31 January 2010

A Guide To Liquid Nitrogen

Liquid nitrogen allows us (chefs) to instantly freeze ingredients and products in a way that was previously impossible. This method has opened up new possibilities in the kitchen. Here at Burch & Purchese we are always on the lookout for new and improved techniques and methods, so we use large quantities of liquid nitrogen and we have done for some time now. If you are new to this method of rapid freezing, here is some useful information. We recommend though that you research thoroughly before attempting to use a potentially dangerous product.

Nitrogen makes up nearly 80% of the earth's atmosphere by volume and the element was discovered in 1772. Liquid nitrogen is a cryogenic liquid that is created by fractional distillation, (separating chemical compounds by their boiling points), of liquid air. Nitrogen has a low boiling point, lower than oxygen, so it can be distilled easily. Liquid nitrogen has a boiling point of around -196 degrees C and freezes at -210 degrees C. It also boils upon contact with warmer temperatures, this is called the Leidenfrost effect http://en.wikipedia.org/wiki/Leidenfrost_effect, as it boils it evaporates into nitrogen gas. Inhalation of too much nitrogen can cause dizziness, nausea, loss of consciousness and death, so it is VERY important to work with liquid nitrogen in well-ventilated areas.

Liquid nitrogen is stored in specially designed containers called dewars. Dewars are insulated, pressurized containers equipped with safety releases and rupture discs that help prevent pressure build up and explosions. As highlighted above, the canisters should be stored in a well ventilated area.

As well as adhering to correct storage methods, there are other important safety issues to remember. The extremely cold contents of the canister means that any uninsulated metal piping will be at LOW temperatures, so do not touch with bare flesh to prevent freezing and possible tissue damage. When using liquid nitrogen, protective gloves, goggles and face shields are recommended.

Heston Blumenthal brought liquid nitrogen to the attention of most people with his scrambled egg ice cream, although he certainly was not the first to use it in the kitchen. We associate liquid nitrogen with ice cream making and this is probably the most common use of it but really the possibilities are endless. For a quick 'nitro' ice cream, take a bowl with some ice cream base of choice and stir with a spoon/spatula whilst pouring in (slowly) liquid nitrogen. Once the correct consistency is achieved you can serve the ice cream immediately. Be careful not to add the nitrogen too quickly and ensure the ice cream is not consumed at too low a temperature to prevent frozen burn to the tongue or other areas of the mouth.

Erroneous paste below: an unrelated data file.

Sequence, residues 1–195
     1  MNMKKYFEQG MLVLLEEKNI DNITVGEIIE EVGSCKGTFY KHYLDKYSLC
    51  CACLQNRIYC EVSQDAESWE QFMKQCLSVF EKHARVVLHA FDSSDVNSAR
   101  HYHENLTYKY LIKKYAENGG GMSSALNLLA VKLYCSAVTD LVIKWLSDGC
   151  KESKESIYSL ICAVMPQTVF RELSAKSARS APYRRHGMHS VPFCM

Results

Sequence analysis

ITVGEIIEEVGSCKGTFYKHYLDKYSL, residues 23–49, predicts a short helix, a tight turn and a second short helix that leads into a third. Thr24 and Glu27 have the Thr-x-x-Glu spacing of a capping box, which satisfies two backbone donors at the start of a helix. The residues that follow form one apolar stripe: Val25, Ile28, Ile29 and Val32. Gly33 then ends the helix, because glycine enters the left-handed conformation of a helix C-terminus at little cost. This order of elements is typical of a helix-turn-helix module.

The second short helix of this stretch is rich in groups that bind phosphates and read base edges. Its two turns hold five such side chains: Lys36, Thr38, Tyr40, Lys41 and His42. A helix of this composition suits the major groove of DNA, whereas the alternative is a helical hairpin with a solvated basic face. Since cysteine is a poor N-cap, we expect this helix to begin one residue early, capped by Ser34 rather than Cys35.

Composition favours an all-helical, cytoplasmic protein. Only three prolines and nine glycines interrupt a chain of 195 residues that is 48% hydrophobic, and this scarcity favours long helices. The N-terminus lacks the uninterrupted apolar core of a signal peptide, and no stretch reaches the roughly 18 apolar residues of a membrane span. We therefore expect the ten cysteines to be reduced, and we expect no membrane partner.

Egg & Bacon' at The Fat Duck including 'nitro scrambled egg ice cream'

Advantages of making ice cream with this method is the lack of traditional preservatives and anti freezing ingredients that normally ensure a smooth and consistent product. Sugar, of course is added to ice cream, not just for its sweet flavour profile but to prevent ice crystals forming and ensuring a 'scoopable' product. Sugar derivatives and alcohols do the same thing but are now not needed as liquid nitrogen ensures a smooth and consistent product every time. 

Obviously, being able to rapid chill a product has huge benefits to the safety conscious. Being able to chill a stew or custard in seconds significantly reduces the chances of bacteria development in foods.

Powders and fine preparations can also easily be achieved, in particular tricky high fat products such as nuts. When grinding nuts or other high fat products, less than satisfactory results are often achieved due to friction increasing temperature and leaching out oils. Now, almonds say, can be frozen in liquid nitrogen and blitzed to produce a superior result.

Vegetables and fruits can also be frozen to tenderize them. Ice crystals are formed which prick tiny holes in the membranes of cells inside these ingredients. Once thawed, the fruits & vegetables are tenderized but still retain some of their original texture and flavour. Fruits and vegetables once frozen to a low enough temperature can also be broken or shattered to produce a different presentation to finishing a dish or for other applications. 

Liquid centres! This is an area we are looking closely at, as the possibilities are seemingly endless. Imagine freezing something that normally can't be frozen? e.g. vodka in a normal freezer won't work, but in nitrogen it freezes hard. Now take this frozen 'ball' and encase in chocolate or ice cream and allow to defrost. What would happen? Well, we wil be working on this in the next couple of weeks and will post our results here.

As long as the medium is respected and all of the important regulations and safety measures are in place then liquid nitrogen is an extremely exciting and useful tool for the modern chef. 

http://www.restaurantecalima.com/ - Chef Garcia's restaurant is at the forefront of low temperature cooking.

http://cookingissues.wordpress.com/?s=liquid+nitrogen - Nitrogen articles on Cooking Issues

Happy experimenting!!


Hannah said...

Another inspiring post - thank you! I still think liquid nitrogen experiments are a little way off for me yet, however this has certainly made me think twice.

H :)

Burch & Purchese said...

Hannah! THANK YOU - for reading and commenting, we appreciate the support. If there is anything you would like us to look into for you then let us know.

Darren & Ian